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Tree felling at Idless Woods

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Japanese larch infected with Phytophthora ramorum being felled at Plym Woods, Devon

Tree felling will start at the Forestry Commission’s Idless Woods near Truro on Monday, 22 November, as part of the continued fight against the virulent ramorum disease .

Acting on the best scientific advice, 27 hectares of infected Japanese larch trees are being felled to try to prevent the disease spreading, from the foliage of the larch trees to other larch trees as well as other species.

The disease, caused by the fungus-like pathogen Phytophthora ramorum, was first discovered in autumn 2009 to have jumped from rhododendron, which was its previously known main host in Britain, , to Japanese larch trees.  Since then the Forestry Commission has been surveying its woodlands in South West England to identify infected sites, and has been working closely with local landowners who have infected trees on their land.

John Ebsary, area forester for Cornwall, says:

“We have already felled 30 hectares of infected larch trees in the Glyn Valley, and we now have to carry this work out in Idless.  It is disappointing having to fell trees before they reach full maturity, but we have to try and contain the disease and prevent any further spread. 

”The work will mean some areas of the forest are closed to the public for short periods for safety reasons, but we will try to keep disruption to an absolute minimum.  Visitors to the forest can help minimise the spread of the disease by following simple biosecurity instructions on signs around the area.  These include washing footwear before leaving the forest.”

The current round of felling is expected to continue until winter 2011.  For further information please contact the Forestry Commission’s Bodmin office on 01208 72577.

Notes to Editor

  1. The disease was first discovered by the Forestry Commission to have jumped from its previously known main host, rhododendron, to Japanese larch in Autumn 2009. We immediately initiated a rapid survey across Forestry Commission woodland in the South West, which identified 14 additional infected sites.   In recent months, we have undertaken a detailed and extensive programme of aerial surveys covering the whole of the west of the country – running from the South West, through Wales and up into Western Scotland.  These surveys have identified 230 suspicious sites across England and Wales of which 36 have confirmed infections.

  2. Suspected infections should be reported to:
    •  in South West England - Forestry Commission England, Mamhead Castle, Mamhead, Nr Exeter, Devon EX6 8HD; tel: 01626 890666; e-mail:;
    •  in woodland elsewhere – the Forestry Commission’s Plant Health Service on; tel 0131 314 6414;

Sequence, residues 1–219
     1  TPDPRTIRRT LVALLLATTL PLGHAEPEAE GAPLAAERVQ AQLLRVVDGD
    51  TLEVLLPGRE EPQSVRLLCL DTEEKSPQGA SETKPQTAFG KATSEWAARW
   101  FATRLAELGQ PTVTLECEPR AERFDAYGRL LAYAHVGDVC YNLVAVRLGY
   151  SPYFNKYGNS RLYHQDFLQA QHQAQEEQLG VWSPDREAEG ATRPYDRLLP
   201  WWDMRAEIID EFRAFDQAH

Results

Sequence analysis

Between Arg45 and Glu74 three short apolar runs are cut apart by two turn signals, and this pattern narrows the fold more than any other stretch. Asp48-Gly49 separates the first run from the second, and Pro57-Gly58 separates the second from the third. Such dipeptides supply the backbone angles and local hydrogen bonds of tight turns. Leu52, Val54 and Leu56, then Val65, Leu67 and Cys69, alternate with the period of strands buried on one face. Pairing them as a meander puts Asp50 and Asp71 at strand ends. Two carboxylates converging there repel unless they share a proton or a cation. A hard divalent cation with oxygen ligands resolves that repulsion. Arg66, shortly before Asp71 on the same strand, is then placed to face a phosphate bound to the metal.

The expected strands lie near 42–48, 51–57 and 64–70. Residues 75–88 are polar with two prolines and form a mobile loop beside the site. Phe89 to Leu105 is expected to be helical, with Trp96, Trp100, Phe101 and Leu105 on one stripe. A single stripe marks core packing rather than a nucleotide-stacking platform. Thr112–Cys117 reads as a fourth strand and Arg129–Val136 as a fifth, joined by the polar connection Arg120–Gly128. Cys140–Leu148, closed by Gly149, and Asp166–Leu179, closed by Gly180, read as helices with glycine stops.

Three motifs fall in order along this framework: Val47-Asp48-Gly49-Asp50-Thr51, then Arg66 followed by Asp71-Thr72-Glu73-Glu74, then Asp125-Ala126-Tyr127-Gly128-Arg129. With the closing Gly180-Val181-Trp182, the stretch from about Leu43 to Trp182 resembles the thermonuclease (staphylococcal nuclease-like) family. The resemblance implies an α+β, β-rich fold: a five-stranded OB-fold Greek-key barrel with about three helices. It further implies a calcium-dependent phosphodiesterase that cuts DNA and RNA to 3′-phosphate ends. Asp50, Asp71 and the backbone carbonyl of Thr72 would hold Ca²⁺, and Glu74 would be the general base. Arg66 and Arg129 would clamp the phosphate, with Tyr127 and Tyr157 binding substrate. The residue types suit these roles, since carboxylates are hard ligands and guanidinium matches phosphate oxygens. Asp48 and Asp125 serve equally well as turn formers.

•  in non-woodland trees such as those in gardens, parks, streets and farmland - Forest Research’s Disease Diagnostic Advisory Service on; telephone 01420 23000.

  3. Ramorum disease has been confirmed in Japanese larch trees (Larix kaempferi) in woodland managed by Forestry Commission Wales in the Afan Valley near Port Talbot, in Garw Valley near Bridgend, and the Vale of Glamorgan. In South West England it has been confirmed in a mix of Forestry Commission England and privately owned forests, including the Commission’s Largin Wood in Cornwall, Plym Woods east of Plymouth, and Canonteign Woods near Exeter.

  4. P. ramorum has not been found on any trees in Scotland.

  5. P. ramorum can be spread on footwear, vehicle wheels, tools and machinery, by the movement of infected plants, and in rain, mists and air currents.

  6. Infected plants such as rhododendron are usually destroyed by burning or deep burial. Infected trees are usually felled to kill the living plant tissue on which the pathogen depends.

  7. P. ramorum is a ‘quarantine’ organism under European Union law and its presence on trees or woodland plants must be notified to the relevant authorities (Forestry Commission, Fera, Scottish Government, and the Welsh Assembly Government).

  8. Infected Japanese larch trees produce particularly high numbers of the inoculum that spreads the disease – five times the level produced on rhododendron - meaning the disease can quickly affect a large number of trees and shrubs.

  9. P. ramorum has not been found infecting any European larch (Larix decidua) or hybrid larch (Larix x eurolepsis) trees, but these species are being kept under close surveillance.

  10. Complete figures are not available for Japanese larch alone, but all three larch species together cover an estimated 134,000 hectares in Britain, or about 5 per cent of total woodland. Individual country figures are:
    • Wales – 23,000ha / 8 per cent;
    • England – 47,000ha / 4.3 per cent;
    • Scotland – 65,000 ha / 5.1 per cent.
    (To convert hectares to acres, multiply by 2.47)

  11. Larch is a durable, versatile timber that tolerates changes between wet and dry conditions very well, and resists rotting when used in the ground. It is therefore in demand for outdoor uses such as fence posts, fence panels, exterior wall cladding, boats, sheds and furniture, as well as indoor uses such as flooring and chipboard. It is easily stained, worked and finished.

    For pictures, and information about P. ramorum in:
    • Forestry Commission South West England – Kirstie Smith, 01392 834249/07920 751106
    • Forestry Commission England – Stuart Burgess, 0117 372 1073;
    • Forestry Commission Great Britain  (Plant Health matters in general) – Charlton Clark, 0131 314 6500;